Understanding the Basic Principles of Process Mapping

Many organisations, whether big or small, benefit greatly from implementing business process maps. Process maps have become invaluable tools in defining the framework of a process through a visual representation. The advantage of visualising a process is the elimination of contradicting ideas. There is a unified concept that each individual can adhere to.

There are several reasons why companies choose to map their business processes. Here are some reasons why you should choose process mapping for your organisation:

  • It enables unified process visualisation. It is not uncommon that differing views can affect the implementation of each step in the process. With a process map, each person will view the process in the same way.
  • Errors are minimised or eliminated completely.
  • Cross-functional areas are better able to communicate and understand each other. Process maps help reduce conflict between areas that have overlapping functions.
  • Everyone in the organisation can see the current state of the process. This prevents outdated views and allows each member to see the process as it is presently being implemented.
  • Process maps can help identify steps in the process that lead to wasted time and resources. Gaps are also identified and rectified. This will lead to increased efficiency and productivity.
  • Mapping a process can lead to the development of metrics. There is an improvement in the standards used for measuring the quality of performance and output.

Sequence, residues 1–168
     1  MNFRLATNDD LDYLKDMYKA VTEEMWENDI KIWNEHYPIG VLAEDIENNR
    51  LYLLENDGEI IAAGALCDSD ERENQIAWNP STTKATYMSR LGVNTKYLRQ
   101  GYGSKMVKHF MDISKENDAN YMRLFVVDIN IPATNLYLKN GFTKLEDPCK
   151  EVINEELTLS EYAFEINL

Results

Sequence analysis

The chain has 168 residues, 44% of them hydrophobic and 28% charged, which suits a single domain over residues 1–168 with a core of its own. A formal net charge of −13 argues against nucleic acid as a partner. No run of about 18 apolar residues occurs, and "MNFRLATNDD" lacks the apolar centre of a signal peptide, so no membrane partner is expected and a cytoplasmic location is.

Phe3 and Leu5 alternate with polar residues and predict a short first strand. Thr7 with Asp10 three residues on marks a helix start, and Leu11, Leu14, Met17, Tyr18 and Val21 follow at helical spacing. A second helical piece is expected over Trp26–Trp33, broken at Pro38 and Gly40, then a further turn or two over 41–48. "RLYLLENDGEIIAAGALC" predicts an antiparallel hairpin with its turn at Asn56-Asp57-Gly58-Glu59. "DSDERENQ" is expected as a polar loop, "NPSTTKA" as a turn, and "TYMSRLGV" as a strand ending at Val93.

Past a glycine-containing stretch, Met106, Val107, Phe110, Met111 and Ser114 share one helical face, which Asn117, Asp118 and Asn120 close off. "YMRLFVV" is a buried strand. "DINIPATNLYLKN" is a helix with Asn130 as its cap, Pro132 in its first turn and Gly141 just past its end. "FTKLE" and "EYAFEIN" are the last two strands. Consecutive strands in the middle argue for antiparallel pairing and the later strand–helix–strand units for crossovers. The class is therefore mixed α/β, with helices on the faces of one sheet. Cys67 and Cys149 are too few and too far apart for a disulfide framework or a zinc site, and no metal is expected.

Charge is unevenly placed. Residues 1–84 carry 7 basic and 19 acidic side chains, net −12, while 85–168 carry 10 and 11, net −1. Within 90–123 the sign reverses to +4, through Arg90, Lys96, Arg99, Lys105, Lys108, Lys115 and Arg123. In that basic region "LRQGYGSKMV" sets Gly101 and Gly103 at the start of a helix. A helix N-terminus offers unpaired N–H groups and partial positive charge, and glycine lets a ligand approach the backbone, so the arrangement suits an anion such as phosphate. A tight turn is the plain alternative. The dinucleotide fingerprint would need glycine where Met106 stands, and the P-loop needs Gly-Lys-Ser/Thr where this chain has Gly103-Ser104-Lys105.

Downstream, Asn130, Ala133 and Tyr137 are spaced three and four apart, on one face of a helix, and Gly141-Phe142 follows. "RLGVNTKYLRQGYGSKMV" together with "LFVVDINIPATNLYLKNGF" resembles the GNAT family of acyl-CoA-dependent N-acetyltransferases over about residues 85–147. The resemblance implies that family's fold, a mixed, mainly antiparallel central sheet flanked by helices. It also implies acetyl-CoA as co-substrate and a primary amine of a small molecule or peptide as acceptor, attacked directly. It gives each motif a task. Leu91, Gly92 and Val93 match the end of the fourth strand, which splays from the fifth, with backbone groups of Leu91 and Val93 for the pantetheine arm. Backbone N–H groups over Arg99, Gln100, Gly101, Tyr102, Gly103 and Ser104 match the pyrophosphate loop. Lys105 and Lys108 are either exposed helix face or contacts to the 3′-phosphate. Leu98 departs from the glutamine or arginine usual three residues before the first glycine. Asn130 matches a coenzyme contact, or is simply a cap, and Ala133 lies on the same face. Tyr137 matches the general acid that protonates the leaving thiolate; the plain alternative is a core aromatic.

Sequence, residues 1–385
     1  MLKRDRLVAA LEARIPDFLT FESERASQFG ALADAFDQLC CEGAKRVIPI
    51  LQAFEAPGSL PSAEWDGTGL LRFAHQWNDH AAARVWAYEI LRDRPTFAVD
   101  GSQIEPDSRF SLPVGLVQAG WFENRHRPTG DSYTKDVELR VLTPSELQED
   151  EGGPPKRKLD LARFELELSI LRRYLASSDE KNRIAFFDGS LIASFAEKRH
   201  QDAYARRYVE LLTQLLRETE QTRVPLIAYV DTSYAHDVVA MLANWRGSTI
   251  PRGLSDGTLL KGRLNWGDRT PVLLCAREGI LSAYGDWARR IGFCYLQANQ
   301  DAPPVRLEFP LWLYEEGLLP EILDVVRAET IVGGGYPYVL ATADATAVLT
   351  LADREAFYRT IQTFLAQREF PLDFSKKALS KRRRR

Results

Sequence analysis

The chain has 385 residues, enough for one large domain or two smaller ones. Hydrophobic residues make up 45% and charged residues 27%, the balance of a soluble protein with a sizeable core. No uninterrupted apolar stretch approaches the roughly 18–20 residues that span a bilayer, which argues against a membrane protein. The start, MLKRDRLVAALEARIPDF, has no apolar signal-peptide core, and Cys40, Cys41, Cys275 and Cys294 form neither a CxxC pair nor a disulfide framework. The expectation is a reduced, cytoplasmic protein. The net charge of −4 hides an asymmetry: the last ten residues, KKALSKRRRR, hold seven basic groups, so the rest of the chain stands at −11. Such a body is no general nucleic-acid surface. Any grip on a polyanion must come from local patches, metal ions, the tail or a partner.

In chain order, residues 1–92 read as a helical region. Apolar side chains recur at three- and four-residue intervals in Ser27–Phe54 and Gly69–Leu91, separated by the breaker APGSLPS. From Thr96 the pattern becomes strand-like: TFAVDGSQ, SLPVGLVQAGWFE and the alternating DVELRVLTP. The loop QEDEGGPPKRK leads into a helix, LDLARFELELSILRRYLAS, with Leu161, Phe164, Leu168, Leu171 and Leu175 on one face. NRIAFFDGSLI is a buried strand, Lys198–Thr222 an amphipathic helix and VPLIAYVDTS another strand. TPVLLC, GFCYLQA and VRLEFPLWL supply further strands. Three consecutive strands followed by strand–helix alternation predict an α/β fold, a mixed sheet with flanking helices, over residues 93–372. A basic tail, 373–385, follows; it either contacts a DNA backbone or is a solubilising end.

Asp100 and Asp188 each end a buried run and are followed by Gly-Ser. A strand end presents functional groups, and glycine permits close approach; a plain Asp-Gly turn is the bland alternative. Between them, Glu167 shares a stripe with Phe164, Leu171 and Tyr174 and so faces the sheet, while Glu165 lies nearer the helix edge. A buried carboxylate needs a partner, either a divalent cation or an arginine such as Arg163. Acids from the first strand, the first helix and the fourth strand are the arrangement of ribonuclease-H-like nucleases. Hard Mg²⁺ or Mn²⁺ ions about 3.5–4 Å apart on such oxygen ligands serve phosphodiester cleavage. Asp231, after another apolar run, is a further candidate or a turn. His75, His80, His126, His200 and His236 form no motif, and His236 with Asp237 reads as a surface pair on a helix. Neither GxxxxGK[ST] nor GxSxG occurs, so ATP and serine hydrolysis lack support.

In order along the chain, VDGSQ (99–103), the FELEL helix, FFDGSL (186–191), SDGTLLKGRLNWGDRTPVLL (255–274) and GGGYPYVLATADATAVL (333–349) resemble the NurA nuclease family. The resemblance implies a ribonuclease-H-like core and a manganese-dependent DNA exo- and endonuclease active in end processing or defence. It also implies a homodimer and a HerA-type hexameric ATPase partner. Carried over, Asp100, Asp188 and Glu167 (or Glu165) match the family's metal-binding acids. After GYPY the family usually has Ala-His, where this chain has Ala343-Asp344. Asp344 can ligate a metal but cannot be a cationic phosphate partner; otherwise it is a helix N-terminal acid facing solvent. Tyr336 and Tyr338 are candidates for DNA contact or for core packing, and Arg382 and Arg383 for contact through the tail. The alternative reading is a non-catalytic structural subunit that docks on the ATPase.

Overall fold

Understanding how business process maps are done ensures the sustainability of its implementation within any organisation. Here are some guiding steps in process mapping:

  • Define the scope of the project. There must a specific end goal, time frame, and specific boundaries.
  • Specify the intent of the process. Why are you conducting process mapping in the first place? What do you hope to achieve at the end of the activity? How will this benefit each member of the organisation?
  • Clearly define each step of the process.
  • Gather feedback from each person involved in the process.
  • When mapping the current process, be as accurate as possible. Indicate each step exactly as it is done. Don’t leave out pertinent details.
  • Simplify sub-processes as much as possible.
  • Test the process using standard metrics of measurement.
  • Map the process backward from output to input.
  • Create ownership with single points of contact when possible.
  • Redesign processes and make them more customer-centric.
  • Use technology to enable your process if applicable.
  • Decrease hands-off inefficiencies.

These principles should be able to guide you through the formal procedure of process mapping. Always remember that technology can certainly help but should be used judiciously. The main focus of organisations these days is sustainable development. To achieve this, there should also be a cultural shift within the organisation. This way, the individuals involved in the process can better implement the changes brought about by process mapping.


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